Structural Reforms: A European Perspective
The resilience of the EU Member States to the onslaught of the 2008 financial crisis depends not only on the countries’ ex ante budgetary position, but also on the strength of the structural policy framework. While the Member States with a good track record of structural reforms have not been able to avoid the impact of the crisis, they appear to be recovering more rapidly than countries with a poor record. Looking forward, the Europe 2020 strategy provides a new framework for structural reforms in the European Union: it builds on the lessons learned from the Lisbon strategy, recognising its strengths (the right goals of growth and job creation) but addressing its weaknesses (problem of governance, poor implementation, with big differences between EU countries in the speed and depth of reform). Nevertheless, the perception of only limited change in comparison with the Lisbon strategy is widespread. The paper offers some ideas on how to further strengthen implementation of needed reforms: first, a better monitoring of the reform effort through the systematic collection of data measuring the extent of reforms undertaken; second, sound and convincing analysis illustrating the net gains derived from the reforms undertaken; and third, a better monitoring of EU product markets and sectors, which could provide a more rigorous basis for regulatory reform proposals.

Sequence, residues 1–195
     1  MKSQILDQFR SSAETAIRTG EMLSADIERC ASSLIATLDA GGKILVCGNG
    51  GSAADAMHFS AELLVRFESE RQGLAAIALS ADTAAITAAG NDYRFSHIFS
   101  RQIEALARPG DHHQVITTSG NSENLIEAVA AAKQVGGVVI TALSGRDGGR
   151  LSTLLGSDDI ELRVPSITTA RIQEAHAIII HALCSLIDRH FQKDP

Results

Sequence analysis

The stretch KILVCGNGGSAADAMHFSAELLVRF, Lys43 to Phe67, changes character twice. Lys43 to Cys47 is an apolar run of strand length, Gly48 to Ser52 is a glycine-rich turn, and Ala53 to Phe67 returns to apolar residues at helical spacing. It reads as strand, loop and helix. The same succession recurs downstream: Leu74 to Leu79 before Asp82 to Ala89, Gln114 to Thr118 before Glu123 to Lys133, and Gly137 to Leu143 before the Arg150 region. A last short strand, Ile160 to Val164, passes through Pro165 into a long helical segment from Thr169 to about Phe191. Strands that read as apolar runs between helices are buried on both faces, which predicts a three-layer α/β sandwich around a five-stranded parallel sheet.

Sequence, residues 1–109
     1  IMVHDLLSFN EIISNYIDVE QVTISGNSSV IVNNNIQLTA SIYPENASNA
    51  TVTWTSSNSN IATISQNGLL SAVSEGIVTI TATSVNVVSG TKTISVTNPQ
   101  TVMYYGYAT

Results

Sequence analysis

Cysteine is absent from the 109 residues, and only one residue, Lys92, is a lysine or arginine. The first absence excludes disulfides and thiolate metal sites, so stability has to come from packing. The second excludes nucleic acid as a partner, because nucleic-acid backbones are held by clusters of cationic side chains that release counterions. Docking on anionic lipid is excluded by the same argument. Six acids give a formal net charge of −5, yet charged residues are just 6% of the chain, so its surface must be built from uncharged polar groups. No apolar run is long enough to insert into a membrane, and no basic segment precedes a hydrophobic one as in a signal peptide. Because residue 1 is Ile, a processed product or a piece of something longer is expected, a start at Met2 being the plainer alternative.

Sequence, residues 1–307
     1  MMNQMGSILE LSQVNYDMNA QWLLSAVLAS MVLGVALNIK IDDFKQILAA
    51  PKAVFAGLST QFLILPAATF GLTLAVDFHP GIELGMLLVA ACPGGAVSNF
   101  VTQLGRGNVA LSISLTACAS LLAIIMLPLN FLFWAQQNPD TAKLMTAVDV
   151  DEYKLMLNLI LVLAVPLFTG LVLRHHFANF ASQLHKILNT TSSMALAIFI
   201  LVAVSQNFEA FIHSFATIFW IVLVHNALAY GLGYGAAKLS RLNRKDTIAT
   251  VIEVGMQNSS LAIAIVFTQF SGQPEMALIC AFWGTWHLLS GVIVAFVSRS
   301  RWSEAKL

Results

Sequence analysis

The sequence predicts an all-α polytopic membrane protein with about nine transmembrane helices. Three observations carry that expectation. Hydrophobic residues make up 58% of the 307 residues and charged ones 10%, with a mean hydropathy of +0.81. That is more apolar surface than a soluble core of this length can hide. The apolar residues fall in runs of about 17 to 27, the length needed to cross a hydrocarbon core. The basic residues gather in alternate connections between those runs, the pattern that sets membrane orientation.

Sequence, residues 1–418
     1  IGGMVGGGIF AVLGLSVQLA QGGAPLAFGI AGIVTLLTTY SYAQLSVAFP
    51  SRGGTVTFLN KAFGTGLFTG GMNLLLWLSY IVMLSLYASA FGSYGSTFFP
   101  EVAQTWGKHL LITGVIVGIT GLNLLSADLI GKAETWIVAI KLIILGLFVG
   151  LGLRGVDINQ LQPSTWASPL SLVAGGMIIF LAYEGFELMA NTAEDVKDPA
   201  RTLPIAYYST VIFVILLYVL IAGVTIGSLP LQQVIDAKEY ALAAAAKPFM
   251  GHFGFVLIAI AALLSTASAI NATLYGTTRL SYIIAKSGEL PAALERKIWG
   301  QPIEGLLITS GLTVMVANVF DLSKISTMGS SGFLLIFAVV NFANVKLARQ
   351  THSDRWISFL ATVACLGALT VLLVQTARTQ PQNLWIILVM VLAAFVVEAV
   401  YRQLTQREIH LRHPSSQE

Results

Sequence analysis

Volume (Year): L (2011)
Issue (Month): 3 ()
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